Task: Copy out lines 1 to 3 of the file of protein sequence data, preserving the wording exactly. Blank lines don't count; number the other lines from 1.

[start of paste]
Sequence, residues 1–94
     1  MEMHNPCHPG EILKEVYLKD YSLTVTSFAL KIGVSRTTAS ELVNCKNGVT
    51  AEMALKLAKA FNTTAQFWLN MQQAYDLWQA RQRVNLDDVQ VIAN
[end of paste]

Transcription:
Sequence, residues 1–94
     1  MEMHNPCHPG EILKEVYLKD YSLTVTSFAL KIGVSRTTAS ELVNCKNGVT
    51  AEMALKLAKA FNTTAQFWLN MQQAYDLWQA RQRVNLDDVQ VIAN